Last month I wrote about the first of what I call “Uncommon Antiques” – my horn-footed stool. This month I’d like to add this little cupboard to the list. I bought it at an auction about 15 years ago primarily because it was unlike anything I had ever seen in a cupboard. I paid $200 for the piece and it continues to appeal to me.
The cupboard stands about 42 inches in height and is made of wood and bamboo. Inside are four shelves for storage. Now that in itself does not make it unusual but what does is the front door. It’s made of glass that has an image of a man in full Elizabethan costume framed by a geometric green and tan coloured border. This lithographic image has been adhered to the glass.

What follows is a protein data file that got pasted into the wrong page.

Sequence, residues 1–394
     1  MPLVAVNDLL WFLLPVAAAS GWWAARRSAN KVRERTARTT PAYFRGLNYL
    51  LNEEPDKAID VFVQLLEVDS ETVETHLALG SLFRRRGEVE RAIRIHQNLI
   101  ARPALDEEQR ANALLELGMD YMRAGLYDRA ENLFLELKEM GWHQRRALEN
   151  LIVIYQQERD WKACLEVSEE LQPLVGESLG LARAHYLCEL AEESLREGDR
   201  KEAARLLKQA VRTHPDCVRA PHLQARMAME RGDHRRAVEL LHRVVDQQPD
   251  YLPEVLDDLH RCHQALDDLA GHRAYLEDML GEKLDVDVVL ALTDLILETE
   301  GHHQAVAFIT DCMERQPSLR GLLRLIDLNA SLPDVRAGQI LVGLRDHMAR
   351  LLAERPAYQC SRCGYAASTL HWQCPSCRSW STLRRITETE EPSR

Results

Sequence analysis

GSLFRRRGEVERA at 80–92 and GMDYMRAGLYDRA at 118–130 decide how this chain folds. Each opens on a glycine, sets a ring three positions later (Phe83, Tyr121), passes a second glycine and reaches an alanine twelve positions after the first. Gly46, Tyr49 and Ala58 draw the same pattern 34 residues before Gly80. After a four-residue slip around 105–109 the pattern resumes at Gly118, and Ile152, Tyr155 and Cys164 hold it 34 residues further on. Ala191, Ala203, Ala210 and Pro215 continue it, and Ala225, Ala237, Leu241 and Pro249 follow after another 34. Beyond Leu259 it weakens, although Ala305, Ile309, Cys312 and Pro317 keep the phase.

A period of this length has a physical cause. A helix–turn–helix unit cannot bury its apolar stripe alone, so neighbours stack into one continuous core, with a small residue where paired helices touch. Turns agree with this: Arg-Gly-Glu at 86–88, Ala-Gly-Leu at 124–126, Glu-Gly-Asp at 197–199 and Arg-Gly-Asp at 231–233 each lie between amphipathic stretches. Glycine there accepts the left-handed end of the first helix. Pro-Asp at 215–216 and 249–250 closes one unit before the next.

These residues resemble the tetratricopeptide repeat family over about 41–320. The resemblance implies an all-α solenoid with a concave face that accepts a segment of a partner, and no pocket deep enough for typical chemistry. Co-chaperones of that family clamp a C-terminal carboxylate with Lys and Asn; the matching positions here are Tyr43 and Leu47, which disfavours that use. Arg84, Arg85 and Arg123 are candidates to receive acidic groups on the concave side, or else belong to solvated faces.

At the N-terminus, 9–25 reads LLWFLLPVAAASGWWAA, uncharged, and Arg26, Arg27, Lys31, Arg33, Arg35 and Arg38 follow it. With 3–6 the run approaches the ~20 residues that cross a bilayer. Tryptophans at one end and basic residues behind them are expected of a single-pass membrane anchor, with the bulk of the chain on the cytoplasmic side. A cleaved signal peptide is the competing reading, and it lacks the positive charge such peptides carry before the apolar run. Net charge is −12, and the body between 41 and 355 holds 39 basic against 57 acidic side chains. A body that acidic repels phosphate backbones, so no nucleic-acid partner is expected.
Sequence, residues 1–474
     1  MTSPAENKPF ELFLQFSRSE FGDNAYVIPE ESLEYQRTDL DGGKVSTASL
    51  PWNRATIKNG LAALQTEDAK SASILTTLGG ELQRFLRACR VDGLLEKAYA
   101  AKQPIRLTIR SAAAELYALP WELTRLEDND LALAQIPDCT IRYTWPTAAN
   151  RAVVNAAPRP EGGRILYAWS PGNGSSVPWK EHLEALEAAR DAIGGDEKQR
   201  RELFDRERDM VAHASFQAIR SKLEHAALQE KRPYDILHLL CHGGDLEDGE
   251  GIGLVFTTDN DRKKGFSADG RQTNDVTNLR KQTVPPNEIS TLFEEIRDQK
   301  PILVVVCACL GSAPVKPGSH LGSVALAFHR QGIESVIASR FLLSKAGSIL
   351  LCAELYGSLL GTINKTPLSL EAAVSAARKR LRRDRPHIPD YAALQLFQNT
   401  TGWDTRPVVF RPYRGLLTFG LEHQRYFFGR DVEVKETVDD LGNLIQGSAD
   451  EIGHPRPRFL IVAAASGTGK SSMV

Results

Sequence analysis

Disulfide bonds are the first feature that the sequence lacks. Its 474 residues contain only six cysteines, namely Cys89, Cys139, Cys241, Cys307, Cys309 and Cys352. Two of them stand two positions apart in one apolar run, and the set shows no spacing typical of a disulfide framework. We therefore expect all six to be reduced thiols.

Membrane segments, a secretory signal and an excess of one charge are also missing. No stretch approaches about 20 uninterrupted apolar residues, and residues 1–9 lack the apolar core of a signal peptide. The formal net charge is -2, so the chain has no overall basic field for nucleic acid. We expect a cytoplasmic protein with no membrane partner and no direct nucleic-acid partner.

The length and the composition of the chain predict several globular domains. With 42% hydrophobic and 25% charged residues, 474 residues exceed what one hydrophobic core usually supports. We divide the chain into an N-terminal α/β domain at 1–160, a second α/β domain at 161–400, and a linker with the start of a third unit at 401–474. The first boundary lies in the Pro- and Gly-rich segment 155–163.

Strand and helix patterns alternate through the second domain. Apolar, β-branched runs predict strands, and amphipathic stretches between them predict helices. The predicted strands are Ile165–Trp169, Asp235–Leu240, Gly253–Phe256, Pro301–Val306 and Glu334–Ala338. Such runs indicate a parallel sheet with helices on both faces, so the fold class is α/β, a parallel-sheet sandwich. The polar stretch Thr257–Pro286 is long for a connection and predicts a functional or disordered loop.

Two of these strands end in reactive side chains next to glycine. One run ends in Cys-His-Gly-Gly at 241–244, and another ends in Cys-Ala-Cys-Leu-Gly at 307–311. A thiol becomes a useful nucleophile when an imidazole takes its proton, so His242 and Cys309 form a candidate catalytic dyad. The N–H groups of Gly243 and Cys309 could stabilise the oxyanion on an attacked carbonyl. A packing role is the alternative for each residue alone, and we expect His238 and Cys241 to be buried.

Here’s a closer look of the image. This piece was made circa 1880’s and has all the hallmarks of a “poor man’s” version of furniture from the Aesthetic period. It shows the style’s love affair with the late Medieval period, and anything Japanese. Stylized, rather than realistic flowers are a trademark of the look, as is bamboo – faux or real.
Much of the furniture in this style is covered with black lacquer – another Japanese detail. You can see that the top of the cupboard is covered with stylized flowers. The sides of the cupboard feature textured wallpaper that has been lightly gilt and faux-painted. Truly an interesting, if not expensive, piece in my collection.